Nessie is quite right that Mattogno is out of his depths for at least some of this. Look at this doozy:
LOL! He is of course referring to output power. The output power of the motor was changed from 2 hp to 3.5 hp. He mentions that the input frequency of the electric input stays at 50 Hz and therefore the rpm can't change!!!!!! ROFLMAO!Mattogno wrote:The invoices of the Topf Company no. 171 of February 22nd 1943, and no. 729 of May 27, 1943, refer explicitly to the frequency of 50 periods or cycles, that is 50 Hz. Therefore, increasing the power output of the motor, from 2 to 3.5 HP, the number of the revolutions would have remained unchanged.
For Mattogno's (or anyone else's) information, the way to view the output power is as:
P = T * w
T = torque of motor
w = angular velocity of shaft
The actual input electricity would be the same for any and all electric motors that we are talking about here (3-phase 380V motor - at 50 Hz of course) . The torque of the motor is what spins the motor - causing the rotational velocity. An increase of the output power would necessarily entail that you desired a higher rpm. You sure as hell wouldn't increase the power for any other reason. I suppose one could imagine a much heavier motor which would require greater torque to move it at the same rpm; but Mattogno doesn't mention anything like that. He brings up the input frequency!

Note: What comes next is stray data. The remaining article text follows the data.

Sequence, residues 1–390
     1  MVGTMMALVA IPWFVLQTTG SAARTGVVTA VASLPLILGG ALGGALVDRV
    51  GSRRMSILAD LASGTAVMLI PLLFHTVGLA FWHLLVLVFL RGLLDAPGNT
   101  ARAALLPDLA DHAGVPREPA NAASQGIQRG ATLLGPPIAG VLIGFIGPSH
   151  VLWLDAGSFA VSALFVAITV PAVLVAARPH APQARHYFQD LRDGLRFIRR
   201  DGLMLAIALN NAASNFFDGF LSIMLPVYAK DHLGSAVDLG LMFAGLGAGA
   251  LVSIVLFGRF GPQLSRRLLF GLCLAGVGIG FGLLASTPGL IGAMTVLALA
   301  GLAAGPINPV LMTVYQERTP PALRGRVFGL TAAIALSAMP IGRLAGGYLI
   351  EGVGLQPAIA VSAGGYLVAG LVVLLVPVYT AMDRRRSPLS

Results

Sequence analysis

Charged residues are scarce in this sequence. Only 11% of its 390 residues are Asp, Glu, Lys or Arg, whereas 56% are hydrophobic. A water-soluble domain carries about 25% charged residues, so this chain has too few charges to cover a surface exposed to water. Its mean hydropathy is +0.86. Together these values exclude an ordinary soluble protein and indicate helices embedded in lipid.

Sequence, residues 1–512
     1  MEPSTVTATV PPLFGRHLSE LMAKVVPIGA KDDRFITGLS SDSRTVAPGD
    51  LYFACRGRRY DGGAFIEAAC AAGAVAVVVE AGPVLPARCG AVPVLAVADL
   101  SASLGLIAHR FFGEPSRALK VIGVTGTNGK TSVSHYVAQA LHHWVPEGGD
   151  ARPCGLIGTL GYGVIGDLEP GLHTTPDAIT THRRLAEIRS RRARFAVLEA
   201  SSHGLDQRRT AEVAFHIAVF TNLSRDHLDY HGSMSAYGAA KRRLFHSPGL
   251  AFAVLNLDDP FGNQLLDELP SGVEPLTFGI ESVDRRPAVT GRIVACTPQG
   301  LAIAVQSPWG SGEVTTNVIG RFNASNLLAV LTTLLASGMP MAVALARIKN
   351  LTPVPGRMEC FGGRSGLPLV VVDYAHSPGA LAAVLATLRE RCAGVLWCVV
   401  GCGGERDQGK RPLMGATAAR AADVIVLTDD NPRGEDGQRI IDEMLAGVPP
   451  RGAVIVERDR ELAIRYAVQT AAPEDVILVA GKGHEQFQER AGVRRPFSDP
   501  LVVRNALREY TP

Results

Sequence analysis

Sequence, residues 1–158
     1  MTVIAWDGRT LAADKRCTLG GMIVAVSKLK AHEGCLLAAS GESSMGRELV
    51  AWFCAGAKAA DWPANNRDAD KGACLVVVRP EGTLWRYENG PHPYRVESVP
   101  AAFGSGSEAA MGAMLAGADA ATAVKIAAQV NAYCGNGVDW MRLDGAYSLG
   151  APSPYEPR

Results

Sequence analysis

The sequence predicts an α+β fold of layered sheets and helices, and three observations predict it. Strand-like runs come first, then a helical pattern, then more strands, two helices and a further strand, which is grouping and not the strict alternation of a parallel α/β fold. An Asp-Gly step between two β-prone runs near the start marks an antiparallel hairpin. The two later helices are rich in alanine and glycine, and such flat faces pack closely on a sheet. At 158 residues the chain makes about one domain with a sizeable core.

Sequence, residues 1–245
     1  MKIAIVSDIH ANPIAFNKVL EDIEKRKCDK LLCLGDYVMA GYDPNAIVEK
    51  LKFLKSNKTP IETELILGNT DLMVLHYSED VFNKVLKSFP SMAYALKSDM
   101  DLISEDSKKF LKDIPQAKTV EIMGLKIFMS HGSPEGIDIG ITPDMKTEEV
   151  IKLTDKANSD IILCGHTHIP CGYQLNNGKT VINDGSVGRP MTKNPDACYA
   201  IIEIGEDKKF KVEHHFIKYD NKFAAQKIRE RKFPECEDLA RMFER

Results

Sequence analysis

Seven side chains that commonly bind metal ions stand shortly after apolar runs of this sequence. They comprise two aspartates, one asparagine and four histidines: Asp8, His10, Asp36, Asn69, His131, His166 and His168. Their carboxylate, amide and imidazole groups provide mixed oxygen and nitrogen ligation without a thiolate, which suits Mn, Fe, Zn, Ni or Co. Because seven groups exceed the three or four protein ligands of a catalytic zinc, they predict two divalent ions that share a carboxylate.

In general, it is most logical that a motor rated with a higher output power, all other things more or less equal, means a greater output rpm - no matter what kind of electrical motor we are talking about in this instance. Both motors are obviously blower motors for ventilation. If we were comparing, say, automobile engine motors to fan motors what I say would not be correct; but we aren't doing that.
That Mattogno goes through all of the BS in that article to not understand such a simple thing shows just how far out of his depth he is! And the way in which he shows this is pretty funny!